Sunday, June 24, 2012

Exeamus omnes

The fact that Residence Permit (RP) holders have to obtain an Exit Permit each and every time they wish to leave the State of Qatar renders the place, essentially, a comfortable open prison. The basic idea of the exit permit is that nobody can leave without someone standing in and agreeing to pay the debts of the resident who's off on his hols, or going to Dubai to see his Beloved Wife for the weekend.

What renders this system ludicrous is that, for an additional fee, a Multiple Exit permit is obtainable at a cost of QAR500 and valid for a year. Putting aside for the moment the new rule that cancelling an existing multiple exit permit now costs an additional QAR500, which wasn't advertised at the time and is certainly not something The Goat signed up for, there seem to have been some additional changes.

Last weekend, The Goat attempted to leave the country with a suitcase full of some of his worldly goods. He used his ID card at the e-gate, and nothing happened. Now the e-gate facility coded on to The Goat's ID card should be valid for three years from August 2011, and it has functioned faultlessly on 23 occasions. The last two had some problems 'with the system' but the reader eventually decided to let The Goat out and back in again.

Last Thursday was a different story. After a total refusal of any e-gate machine to read the card, The Goat was forced to present his passport and lose yet another page to ink. The immigration official advised what the problem was: the exit permit was valid for passport only, and not for e-gate.

The Goat checked with an Emirati friend who had contacts in Qatari officialdom. Perceived wisdom from that source was that The Goat's sponsor had attempted to prevent The Goat from leaving the country and/or had screwed up the paperwork.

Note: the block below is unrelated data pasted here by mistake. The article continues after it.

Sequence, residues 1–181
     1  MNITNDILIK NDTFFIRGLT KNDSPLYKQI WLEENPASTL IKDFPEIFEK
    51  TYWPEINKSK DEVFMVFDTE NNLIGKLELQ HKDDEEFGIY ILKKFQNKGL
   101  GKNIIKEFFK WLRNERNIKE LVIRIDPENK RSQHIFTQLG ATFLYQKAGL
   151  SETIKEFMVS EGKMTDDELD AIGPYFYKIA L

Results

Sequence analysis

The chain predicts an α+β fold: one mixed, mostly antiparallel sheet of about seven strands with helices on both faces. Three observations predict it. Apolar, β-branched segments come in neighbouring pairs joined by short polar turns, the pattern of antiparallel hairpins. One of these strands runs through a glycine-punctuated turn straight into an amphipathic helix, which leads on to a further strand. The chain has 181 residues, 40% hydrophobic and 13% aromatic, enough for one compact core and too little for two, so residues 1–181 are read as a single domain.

After returning to Qatar, The Goat checked with the firm's HR department, where he was told in No Uncertain Terms that any changes caused by HR to his permission to leave the country would have been advised in advance, but no, there were no known changes in Immigration systems.

So which is it? As usual, The Goat merely seeks knowledge of what the rules are, and what has caused a perfectly good e-gate permit suddenly to become a waste of money. And if you, dear reader, have an e-gate card, you might well be interested in learning if you need to do something about ensuring you can escape from Qatar before turning up at the airport.

The poll has now closed and the results are in.
  • 86% reckoned that Immigration had changed the rules and not told anyone.
  • 14% suggested a new conspiracy theory that the Goat hadn't considered.

Wednesday, June 13, 2012

Taxi? Duh, me

The single biggest obstacle to exporting my motor vehicles yesterday wasn’t the paperwork or the payment. It was transport. I had to get both the bike and the car up to Doha’s industrial area and then pick up a rental car and get to work.

As the container terminal opens at 7am, I set off early, arrived, and dumped the bike. Then I looked for transport back to town to collect my car. Obviously there are no taxis patrolling the grotty, potholed streets of the industrial area at 7:30. I walked a kilometre or so past rows of wrecked cars jostling with new and used excavators to the Jeep workshop, and phoned Karwa for an immediate taxi.

After spending 20 minutes being lied to by a recording about how my call was important, I was advised that: “No taxi available until 12:15.”